When assessing your application, a lender will look at whether you can service a loan. Essentially, this evaluates whether, after all your expenses, you have income left over to meet the repayments of your proposed loan. If you request an amount that is more than your finances suggest you are able to repay, it’s highly unlikely you will get approved.
In some cases, a lender may offer you a longer loan term to reduce your repayments, but it’s best to do your homework first. Use a repayment calculator and budget to figure out what you can reasonably afford.
Review your credit history
Australia has three main credit bureaus, Equifax, Illion, and Experian. You can request a free copy of your credit score once a year. Once you’ve verified your identity (i.e. with a driver’s license, passport etc.) the bureau is required to provide you with your credit report within 10 days. Your credit report will provide an overview of your credit history, including previous loans, existing debts, and your performance as a borrower.
You should ensure all the information contained in your credit report is accurate, and if not, contact the bureau to have it remedied. This will have a direct impact on your credit score. If you’re unsure of how to interpret your credit score, see this ASIC guide.
Pay down existing debts
Lenders may look unfavourably on an application for individuals with large amounts of debt, particularly if the debts are already at the limits of what they can afford. It’s important to demonstrate a concerted effort to repay your existing debts to a reasonable level. This applies even if your personal loan is for the purpose of consolidating your debt.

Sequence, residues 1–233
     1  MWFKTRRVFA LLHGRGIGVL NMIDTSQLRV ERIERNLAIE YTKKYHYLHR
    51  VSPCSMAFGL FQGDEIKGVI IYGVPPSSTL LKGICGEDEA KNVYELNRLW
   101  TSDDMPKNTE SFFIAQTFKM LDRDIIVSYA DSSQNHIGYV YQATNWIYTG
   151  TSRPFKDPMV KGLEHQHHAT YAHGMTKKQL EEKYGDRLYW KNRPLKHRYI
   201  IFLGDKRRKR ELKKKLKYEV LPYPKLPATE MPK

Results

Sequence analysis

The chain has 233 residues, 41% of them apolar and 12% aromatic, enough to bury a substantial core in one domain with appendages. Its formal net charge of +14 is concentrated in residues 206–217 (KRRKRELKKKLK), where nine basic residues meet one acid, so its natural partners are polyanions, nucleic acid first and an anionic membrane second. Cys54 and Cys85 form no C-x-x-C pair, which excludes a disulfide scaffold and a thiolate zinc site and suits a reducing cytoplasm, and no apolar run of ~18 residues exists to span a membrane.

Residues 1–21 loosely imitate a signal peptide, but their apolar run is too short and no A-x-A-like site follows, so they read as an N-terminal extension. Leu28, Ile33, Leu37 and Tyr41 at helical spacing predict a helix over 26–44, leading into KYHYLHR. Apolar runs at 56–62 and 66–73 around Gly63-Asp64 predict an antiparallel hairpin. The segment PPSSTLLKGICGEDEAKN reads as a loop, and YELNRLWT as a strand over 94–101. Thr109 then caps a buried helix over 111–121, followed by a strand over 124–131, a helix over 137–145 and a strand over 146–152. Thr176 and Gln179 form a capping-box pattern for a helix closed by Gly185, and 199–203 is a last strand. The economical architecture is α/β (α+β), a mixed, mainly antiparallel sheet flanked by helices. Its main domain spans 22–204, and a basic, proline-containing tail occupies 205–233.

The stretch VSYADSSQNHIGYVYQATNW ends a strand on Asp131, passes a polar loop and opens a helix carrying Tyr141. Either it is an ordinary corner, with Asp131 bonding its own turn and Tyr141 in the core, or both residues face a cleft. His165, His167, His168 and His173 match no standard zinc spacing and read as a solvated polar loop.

While a move to lower interest rates makes sense, it may be harder to get approved unless without opening up some additional capacity between your income and expenses.
Minimise your credit card balance
Using a credit card can be a great way to help boost your credit rating by demonstrating you are financially responsible. However, you need to manage your credit card carefully to ensure your balance is consistently low. Failure to make repayments can have an equally negative impact on your credit score.
Finally, lenders are now required to assess your application based on your credit card limits, not the outstanding balance. If you have unused cards or excess limit, look into reducing them before you apply for a new loan.
At Plenti, we assess your loan application in line with our credit criteria and our responsible lending obligations. Whilst no guarantee, following the tips above will go a long way to improving the prospect of successful loan approval.
You may have your personal loan approved within a minute, or it can take as long as a couple of weeks. Most digital lenders process and approve applications within 24 hours, provided all documents have been submitted. If you are approved, the funds will usually be deposited in your nominated everyday account or paid out directly to a nominated party (e.g. car dealer, credit card provider etc). This will generally take one business day.